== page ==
That means solar generation was enough to meet the electricity needs of 1,513,703 average U.S. homes, and represented about 0.4 percent of the nation’s total electricity. However, these numbers don’t take into account residential and private commercial solar.

“There are now more than half a million homes and businesses nationwide with a solar installation,” reported the Solar Energy Industry Association (SEIA).

With continued growth and accounting for these additional sources of generation, solar electricity could easily account for 1 percent of U.S. generation by the end of this year. That might sound like small potatoes, but as recently as 2008 the energy contribution from solar was virtually zero. Rapid growth in the sector points toward continued gains in the near future.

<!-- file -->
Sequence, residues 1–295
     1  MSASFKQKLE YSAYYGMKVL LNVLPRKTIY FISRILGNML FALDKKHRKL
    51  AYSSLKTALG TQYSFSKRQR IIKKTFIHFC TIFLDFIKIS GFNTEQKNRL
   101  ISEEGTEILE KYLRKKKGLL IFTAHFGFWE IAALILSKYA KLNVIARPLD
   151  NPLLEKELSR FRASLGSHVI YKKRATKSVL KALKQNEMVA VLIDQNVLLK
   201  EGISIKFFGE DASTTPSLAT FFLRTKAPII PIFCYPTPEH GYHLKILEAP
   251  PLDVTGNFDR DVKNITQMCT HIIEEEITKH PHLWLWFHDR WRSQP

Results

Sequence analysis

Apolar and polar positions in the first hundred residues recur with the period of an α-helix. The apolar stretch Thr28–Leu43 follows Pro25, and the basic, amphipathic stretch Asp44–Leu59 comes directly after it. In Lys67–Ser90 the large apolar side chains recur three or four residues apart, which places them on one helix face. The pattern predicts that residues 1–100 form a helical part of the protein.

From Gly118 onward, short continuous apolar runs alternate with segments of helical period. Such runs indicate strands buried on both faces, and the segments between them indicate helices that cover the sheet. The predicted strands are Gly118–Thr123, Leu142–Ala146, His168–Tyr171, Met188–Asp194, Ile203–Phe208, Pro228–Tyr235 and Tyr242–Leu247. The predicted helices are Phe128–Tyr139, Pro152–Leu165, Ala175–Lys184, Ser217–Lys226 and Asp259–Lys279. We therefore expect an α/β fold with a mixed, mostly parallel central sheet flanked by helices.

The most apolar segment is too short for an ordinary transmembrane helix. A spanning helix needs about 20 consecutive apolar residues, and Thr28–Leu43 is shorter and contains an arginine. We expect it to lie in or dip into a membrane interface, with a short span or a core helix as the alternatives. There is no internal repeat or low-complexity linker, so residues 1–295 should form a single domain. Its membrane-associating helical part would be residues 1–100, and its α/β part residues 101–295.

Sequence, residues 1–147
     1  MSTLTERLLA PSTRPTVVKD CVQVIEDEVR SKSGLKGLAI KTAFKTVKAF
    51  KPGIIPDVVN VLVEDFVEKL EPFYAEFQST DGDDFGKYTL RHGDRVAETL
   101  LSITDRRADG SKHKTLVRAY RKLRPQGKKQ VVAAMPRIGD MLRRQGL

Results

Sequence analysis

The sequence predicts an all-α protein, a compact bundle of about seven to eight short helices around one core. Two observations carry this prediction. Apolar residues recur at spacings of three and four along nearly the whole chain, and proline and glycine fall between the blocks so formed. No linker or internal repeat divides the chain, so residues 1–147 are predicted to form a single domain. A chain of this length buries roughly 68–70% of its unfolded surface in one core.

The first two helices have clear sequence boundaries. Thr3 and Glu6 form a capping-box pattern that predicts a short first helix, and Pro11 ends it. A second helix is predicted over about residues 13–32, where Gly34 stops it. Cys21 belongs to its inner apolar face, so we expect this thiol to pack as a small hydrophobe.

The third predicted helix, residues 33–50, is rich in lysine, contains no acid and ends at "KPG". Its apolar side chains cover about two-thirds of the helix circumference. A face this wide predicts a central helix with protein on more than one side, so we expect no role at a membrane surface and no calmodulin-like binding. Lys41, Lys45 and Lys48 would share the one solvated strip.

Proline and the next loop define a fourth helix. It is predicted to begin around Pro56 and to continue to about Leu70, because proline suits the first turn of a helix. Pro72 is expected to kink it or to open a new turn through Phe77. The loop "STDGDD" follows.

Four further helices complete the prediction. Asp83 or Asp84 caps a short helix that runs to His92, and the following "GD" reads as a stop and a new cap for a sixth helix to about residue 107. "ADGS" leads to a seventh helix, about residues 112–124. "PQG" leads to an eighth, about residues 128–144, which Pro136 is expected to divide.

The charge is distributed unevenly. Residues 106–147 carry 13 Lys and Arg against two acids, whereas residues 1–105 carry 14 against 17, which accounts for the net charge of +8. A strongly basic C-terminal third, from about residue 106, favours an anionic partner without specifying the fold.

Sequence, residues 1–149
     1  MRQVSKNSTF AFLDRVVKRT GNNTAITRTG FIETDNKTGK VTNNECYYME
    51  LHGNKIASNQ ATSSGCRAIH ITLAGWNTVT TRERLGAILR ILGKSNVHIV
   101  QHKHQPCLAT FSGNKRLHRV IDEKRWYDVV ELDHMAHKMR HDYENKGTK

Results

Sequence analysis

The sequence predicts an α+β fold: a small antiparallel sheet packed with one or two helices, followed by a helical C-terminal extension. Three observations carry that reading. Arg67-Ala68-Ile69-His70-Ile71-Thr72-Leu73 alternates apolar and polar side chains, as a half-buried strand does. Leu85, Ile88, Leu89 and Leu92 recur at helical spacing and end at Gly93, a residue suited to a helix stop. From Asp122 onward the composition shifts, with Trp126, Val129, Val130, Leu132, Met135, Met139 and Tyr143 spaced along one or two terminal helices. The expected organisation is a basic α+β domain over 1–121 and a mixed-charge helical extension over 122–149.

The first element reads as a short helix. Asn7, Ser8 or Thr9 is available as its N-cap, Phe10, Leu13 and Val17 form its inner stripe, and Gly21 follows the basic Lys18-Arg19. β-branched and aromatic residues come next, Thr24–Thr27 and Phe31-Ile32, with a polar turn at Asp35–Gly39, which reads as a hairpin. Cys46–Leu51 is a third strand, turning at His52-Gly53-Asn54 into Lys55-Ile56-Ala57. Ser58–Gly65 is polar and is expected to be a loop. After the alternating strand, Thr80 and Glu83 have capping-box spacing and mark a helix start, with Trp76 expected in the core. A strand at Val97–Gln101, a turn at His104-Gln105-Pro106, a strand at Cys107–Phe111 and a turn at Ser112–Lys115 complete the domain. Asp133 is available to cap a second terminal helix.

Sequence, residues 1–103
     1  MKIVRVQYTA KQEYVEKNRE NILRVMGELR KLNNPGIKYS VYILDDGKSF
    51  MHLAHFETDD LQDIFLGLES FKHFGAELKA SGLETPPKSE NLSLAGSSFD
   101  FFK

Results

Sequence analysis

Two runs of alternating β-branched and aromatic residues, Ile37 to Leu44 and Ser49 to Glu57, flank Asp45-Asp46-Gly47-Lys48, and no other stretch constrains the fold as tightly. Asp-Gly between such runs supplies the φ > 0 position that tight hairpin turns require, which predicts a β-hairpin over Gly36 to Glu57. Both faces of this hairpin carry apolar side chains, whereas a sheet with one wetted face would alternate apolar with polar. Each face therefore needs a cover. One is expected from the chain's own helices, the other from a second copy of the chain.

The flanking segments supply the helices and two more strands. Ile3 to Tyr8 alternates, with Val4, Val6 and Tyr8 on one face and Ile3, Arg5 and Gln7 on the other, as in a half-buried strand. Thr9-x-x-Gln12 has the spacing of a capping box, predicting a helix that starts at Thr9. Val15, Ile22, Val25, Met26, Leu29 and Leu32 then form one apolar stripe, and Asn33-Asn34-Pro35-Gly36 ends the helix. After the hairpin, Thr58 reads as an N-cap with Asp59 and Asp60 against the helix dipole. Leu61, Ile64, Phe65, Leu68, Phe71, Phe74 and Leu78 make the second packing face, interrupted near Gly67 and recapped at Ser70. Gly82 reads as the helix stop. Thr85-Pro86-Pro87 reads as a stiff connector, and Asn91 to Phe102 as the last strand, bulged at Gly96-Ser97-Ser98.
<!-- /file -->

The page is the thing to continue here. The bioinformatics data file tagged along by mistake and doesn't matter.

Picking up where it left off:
What’s spurring this remarkable growth in the industry? For one thing, it is becoming more and more affordable with the average price of a solar panel declining by 64% since 2010. We also cannot overstate the role of effective public policies such as the solar Investment Tax Credit (ITC), Net Energy Metering (NEM) and Renewable Portfolio Standards (RPS) among other state and city-specific policies.

Growth in the solar sector has far reaching positive impacts for the US economy as well as the environment! While the numbers are not yet in for 2014, as of 2013 the industry had already provided 143,000 much needed jobs for Americans or more than 50 people hired in solar each day. Looked at another way, nearly $20 billion a year was invested back into the economy due to the industry.